They are trained to believe the woman raises do the career.... not in all cases..bur some men just aren't ready to be #2 or 3 or 4 on the list..

this is where their mothers' and fathers' failed..

Paul P. said...

Maybe it's my particular group of male friends, but not one of them (or me) has expressed any feelings of jealousy over the birth of their first child. Adjustment over accommodating a squalling infant in their previously quiet lives, yes, but that's not unique to either gender. All of them acknowledged the difficulties and the stress but we all have only felt joy over having children. Your comments (I signed up...) feel a little too general to be accurate.

There are poor parents of both genders. Playing Devil's advocate for a moment, perhaps the author's wife was one of those mothers who refuses to let her husband participate because he's "not doing it right", whether it's putting on diapers, giving the kid a bath, or holding them in the "right" position. Finding that he wasn't wanted, he chose to drink instead. He wouldn't be the first Dad indirectly barred from participation via condemnation of his "incompetence". Not an excuse, because he should have engaged regardless, but if true, more understandable than being completely disinterested as his article suggests.

Erin Elizabeth Clune said...

Good points paul. I know so many great dads. So if I sounded too generalizing, it was not intentional. I just think fathers have to write about their struggles too, self consciously.

Holly said...

My biggest criticism with this guy's essay is that it is pointless and boring. What's the main idea of it anyway? Maybe BU has other reasons to fire him besides his fraudulent paternity leave. He is not even a mediocre writer. Lame guy, lame essay!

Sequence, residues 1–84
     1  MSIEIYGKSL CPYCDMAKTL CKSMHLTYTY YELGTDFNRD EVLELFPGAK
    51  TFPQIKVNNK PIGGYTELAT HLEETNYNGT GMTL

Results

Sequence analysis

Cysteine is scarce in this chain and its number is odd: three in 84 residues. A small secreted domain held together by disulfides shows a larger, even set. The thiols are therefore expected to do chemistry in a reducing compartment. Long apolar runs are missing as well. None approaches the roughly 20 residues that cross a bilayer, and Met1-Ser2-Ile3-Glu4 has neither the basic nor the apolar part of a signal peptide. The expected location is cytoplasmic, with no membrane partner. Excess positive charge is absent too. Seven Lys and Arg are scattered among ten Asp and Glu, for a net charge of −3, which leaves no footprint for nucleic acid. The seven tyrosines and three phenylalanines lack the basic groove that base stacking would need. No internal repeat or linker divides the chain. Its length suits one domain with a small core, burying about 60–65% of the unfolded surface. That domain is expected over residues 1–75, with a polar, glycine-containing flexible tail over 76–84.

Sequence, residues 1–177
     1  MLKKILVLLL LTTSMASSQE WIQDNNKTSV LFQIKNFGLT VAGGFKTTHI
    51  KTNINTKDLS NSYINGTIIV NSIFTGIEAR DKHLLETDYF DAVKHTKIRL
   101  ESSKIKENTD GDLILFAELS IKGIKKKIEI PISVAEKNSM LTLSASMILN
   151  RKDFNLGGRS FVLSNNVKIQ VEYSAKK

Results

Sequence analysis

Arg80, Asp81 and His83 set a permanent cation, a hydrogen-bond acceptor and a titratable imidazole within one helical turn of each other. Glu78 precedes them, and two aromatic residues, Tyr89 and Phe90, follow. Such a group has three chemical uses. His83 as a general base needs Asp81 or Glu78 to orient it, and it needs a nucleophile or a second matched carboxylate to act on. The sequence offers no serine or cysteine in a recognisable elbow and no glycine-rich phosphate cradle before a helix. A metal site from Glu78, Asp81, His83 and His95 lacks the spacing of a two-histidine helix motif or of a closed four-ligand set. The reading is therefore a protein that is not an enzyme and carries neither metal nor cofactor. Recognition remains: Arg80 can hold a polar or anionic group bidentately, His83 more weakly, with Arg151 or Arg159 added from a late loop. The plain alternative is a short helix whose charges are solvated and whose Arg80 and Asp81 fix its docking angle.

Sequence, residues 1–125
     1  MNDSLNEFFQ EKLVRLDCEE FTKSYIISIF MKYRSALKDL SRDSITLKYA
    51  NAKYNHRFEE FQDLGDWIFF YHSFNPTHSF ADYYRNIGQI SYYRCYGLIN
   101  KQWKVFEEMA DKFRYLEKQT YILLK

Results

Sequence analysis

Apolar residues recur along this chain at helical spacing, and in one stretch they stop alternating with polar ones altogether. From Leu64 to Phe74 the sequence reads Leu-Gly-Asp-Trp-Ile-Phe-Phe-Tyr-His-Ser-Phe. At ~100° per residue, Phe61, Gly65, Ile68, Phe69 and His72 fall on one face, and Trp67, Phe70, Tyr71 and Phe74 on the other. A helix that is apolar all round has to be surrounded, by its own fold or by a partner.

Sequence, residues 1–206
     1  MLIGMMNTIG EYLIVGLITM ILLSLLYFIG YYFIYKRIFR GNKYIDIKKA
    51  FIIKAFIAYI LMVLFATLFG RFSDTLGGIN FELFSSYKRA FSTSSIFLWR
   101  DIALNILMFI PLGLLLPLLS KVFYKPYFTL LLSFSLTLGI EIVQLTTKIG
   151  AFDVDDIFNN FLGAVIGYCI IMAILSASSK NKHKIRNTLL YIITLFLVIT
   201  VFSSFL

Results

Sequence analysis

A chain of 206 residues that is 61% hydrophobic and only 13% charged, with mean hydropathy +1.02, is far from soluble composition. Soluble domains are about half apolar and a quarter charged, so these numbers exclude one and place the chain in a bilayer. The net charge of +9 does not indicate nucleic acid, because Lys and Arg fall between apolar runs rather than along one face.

Erin Elizabeth Clune said...

Yeah. Maybe should be ignored.

Paul P. said...

Erin, I totally agree, more male voices would be a good thing. Or perhaps more generally, the voices of working parents with a stay-at-home spouse. One of my best male friends is a SAHD in Manhattan. He has the many of the same complaints about his wife and his experience that my wife has about me and her experience as a SAHM. It's quite enlightening to hear his comments and realize that much of the conflict over parenting duties has little to do with gender but rather the different priorities of partners occupying different roles in a relationship: the breadwinner vs. the caregiver.

Much of the conflict in my own marriage over roles & responsibilities was over who had more free time and who did more work overall, with each of us under-appreciating what the other one was contributing. We both sucked at negotiating this, thankfully the issue has become moot now that our kids are generally old enough to manage themselves. But there is probably still lingering resentment on both sides.

Martha said...

Holy. He is insufferable. But, the slope is indeed slippery, whether working or staying home. In all seriousness, meet me for a drink sometime, Erin?

Philippe Buc said...

Sharp, EEC, as she was at Stanford

Erin Elizabeth Clune said...

Philippe! I just noticed this comment. I will write you.